This book covers many helpful analysis tools and processes to assist energy managers (EMs) administer their energy program through their meter management system (MMS). These tools and the corresponding techniques offer opportunities for the EM to optimize their time. If fully utilized, the MMS will allow an EM to reduce field time significantly, as they can perform most of the energy management pre-analysis, benchmarking, data analysis and, in many cases, complete the task of performing a virtual audit remotely from their office.
The book covers many instructional areas that are, for the most part, only offered by consulting groups and software vendors as services. Those two groups offer their services for fees and therefore do not publish their ideas or best practices for commercial use. Software vendors provide software analytics whose functional aspects are addressed by our descriptions of the essential tasks in each chapter. This book allows EMs to expand their knowledge of software capabilities by viewing other best practices. Consulting groups offer services in a few areas: basic benchmarking and monitoring-based commissioning (MBCx). These services are considered essential to energy management but are generally implemented as on-site services, which, due to their nature, are much more expensive than a monitoring commissioning (MCx) solution. Monitoring commissioning, in contrast to MBCx, is purely done at the monitoring level and allows you to manage the critical energy measures that comprise the majority of the savings, but without getting into the field testing.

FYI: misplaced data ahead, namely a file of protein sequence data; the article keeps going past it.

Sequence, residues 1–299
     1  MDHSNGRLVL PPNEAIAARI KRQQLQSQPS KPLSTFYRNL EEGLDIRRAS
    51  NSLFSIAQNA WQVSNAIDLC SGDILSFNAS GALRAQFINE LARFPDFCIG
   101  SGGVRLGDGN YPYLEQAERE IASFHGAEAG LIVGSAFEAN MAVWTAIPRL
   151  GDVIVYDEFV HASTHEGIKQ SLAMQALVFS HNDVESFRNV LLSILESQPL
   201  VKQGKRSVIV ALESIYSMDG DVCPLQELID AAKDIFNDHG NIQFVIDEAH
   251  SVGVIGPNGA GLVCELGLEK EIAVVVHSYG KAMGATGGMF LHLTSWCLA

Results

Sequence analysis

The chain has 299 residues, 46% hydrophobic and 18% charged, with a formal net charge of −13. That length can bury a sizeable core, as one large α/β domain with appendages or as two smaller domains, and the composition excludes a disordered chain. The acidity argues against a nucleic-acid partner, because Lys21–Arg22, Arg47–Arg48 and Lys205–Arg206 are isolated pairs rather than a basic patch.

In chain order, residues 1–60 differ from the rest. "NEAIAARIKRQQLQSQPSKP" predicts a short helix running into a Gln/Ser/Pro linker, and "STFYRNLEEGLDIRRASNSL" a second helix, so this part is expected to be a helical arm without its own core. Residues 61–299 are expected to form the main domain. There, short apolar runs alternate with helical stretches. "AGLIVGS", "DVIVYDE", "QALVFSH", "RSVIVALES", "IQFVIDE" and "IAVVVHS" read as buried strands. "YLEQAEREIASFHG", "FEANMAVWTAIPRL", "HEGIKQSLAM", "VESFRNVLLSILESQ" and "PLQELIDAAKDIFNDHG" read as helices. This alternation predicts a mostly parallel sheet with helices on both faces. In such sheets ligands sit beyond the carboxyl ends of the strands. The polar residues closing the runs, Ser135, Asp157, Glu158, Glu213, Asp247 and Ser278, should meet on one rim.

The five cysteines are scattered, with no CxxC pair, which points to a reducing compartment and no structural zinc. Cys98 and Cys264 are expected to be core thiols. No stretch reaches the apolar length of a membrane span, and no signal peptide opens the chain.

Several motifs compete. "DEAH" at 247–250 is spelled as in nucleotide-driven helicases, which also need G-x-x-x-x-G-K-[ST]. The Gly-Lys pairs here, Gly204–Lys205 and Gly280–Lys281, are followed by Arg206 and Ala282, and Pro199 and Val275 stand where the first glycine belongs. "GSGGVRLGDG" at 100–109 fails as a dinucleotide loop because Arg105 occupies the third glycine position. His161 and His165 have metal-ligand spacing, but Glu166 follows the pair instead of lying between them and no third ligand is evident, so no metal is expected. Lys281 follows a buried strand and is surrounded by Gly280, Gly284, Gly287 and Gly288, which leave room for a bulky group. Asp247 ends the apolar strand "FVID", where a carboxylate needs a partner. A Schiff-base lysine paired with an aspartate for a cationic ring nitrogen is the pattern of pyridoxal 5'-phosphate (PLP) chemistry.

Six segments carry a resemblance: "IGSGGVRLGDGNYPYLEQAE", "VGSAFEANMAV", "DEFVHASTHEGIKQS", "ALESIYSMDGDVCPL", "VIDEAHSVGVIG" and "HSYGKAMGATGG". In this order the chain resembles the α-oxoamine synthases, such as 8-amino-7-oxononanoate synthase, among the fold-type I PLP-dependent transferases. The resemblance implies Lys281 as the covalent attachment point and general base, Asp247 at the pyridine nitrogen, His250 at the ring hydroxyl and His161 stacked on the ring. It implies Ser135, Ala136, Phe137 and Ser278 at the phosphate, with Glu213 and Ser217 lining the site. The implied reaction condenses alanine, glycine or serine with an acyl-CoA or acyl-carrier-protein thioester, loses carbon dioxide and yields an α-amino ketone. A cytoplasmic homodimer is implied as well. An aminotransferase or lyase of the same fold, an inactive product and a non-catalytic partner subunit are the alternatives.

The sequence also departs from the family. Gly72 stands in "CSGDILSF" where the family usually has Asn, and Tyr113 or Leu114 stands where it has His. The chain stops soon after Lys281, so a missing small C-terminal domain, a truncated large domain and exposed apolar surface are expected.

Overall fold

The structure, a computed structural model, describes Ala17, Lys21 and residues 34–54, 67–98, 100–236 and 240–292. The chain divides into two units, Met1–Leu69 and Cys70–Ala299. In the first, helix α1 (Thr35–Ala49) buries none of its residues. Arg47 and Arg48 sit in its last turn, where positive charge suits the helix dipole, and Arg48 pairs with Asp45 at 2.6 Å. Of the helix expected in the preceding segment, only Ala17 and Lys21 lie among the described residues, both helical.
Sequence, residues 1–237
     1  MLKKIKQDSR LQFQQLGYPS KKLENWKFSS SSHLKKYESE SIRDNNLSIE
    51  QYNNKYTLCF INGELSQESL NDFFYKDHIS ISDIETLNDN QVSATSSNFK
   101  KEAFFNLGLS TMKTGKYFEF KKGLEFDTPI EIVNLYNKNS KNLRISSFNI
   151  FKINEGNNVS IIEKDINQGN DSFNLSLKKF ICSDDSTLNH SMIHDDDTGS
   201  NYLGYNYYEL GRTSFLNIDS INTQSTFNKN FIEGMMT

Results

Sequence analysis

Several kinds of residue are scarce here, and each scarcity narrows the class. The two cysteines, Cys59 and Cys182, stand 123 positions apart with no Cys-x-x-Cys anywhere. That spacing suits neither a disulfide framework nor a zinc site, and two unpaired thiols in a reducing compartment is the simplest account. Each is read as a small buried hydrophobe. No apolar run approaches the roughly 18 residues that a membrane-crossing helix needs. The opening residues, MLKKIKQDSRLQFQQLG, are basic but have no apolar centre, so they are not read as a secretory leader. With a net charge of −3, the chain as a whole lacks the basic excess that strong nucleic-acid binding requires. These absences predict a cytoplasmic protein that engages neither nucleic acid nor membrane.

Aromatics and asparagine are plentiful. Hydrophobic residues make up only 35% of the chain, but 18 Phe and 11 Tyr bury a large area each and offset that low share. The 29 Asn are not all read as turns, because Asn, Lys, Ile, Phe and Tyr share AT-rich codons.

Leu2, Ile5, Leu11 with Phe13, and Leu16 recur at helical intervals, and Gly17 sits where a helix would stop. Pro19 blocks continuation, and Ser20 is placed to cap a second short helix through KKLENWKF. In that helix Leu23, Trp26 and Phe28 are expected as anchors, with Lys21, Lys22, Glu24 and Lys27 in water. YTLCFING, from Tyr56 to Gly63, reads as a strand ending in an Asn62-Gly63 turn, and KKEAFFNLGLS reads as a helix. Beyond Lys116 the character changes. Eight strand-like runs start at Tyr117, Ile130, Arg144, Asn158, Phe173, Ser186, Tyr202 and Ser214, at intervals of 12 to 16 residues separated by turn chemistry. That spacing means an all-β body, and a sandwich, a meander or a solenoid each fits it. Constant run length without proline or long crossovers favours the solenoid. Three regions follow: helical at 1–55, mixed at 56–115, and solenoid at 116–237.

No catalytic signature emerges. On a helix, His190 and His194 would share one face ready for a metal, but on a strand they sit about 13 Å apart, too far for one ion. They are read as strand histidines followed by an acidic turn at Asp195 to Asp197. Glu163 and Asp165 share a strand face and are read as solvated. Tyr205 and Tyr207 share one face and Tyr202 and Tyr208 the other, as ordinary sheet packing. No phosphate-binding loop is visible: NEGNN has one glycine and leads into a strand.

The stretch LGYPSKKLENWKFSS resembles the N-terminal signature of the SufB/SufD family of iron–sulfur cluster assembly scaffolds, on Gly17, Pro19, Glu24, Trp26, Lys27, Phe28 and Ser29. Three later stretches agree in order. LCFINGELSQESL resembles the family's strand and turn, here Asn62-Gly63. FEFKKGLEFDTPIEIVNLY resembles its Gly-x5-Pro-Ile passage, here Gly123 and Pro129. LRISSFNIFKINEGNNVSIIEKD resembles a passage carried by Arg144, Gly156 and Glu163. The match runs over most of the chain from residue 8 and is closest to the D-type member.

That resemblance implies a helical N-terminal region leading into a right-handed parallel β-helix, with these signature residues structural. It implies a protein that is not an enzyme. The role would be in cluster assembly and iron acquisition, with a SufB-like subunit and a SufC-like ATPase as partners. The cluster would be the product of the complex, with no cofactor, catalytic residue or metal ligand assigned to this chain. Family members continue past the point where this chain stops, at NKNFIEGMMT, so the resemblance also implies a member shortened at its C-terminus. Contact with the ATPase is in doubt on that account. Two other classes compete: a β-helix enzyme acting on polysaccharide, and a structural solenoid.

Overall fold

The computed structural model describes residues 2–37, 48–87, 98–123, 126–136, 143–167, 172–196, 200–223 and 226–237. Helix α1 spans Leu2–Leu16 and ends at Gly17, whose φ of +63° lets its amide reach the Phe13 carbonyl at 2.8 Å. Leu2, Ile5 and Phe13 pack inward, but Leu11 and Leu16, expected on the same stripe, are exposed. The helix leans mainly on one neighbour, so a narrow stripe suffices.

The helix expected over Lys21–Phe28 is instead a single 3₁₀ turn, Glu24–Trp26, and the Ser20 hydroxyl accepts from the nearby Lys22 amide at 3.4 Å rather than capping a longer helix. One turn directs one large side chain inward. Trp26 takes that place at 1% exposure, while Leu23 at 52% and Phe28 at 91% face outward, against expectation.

Benchmarking is covered much deeper in the book as we show how to benchmark each system within a building. The benchmarking sections show how to automatically analyze each system’s usage into a separate benchmark for baseload, lighting, AC, and fan/pump systems. These systems produce benchmarks so EMs can compare by site, category type, climate zone, etc. We also introduce benchmarks that enable the EM to utilize tools to determine the performance of each system and which are their most significant energy users. These analytics functions are covered to produce results that identify potential energy savings for each energy system.
2. What is Important about Managing Meter Systems?
3. Fault Detection
4. Comprehensive Building Analytics (HVAC Systems)
5. Setting up Billing
6. Meter Data Connectivity
7. Data Quality
8. Auditing Template
9. Using Metering for Measurement & Verification (M&V)
10. Basic Benchmarking (1st level)
11. Second Level Benchmarking (Baseload with Plug load)
12. Third Level Benchmarking (Lights and Scatter Plot Modeling)
13. Fourth Level of Benchmarking (Fan/Pump and AC Systems)
14. Understanding and Troubleshooting System Overrides
15. Monitoring Commissioning (MCx) Process
16. Evaluating the Energy Use Intensity (EUI) Value to the Energy Manager
17. Comparing EUI to Other Metrics
18. Setting Up for Energy Projects
19. Comparing Campus Consumption to Individual Building Statistics
20. Cross-referencing 3 Metrics for Evaluating Buildings
1. The Transition of HDD and CDD Over the Last 70 Years
2. Determine the Impact of Variance on Calculating Various Degree Day Base Temperatures
3. Determine the Variance of Each Energy System in the Scatter Plot and the Overall Impact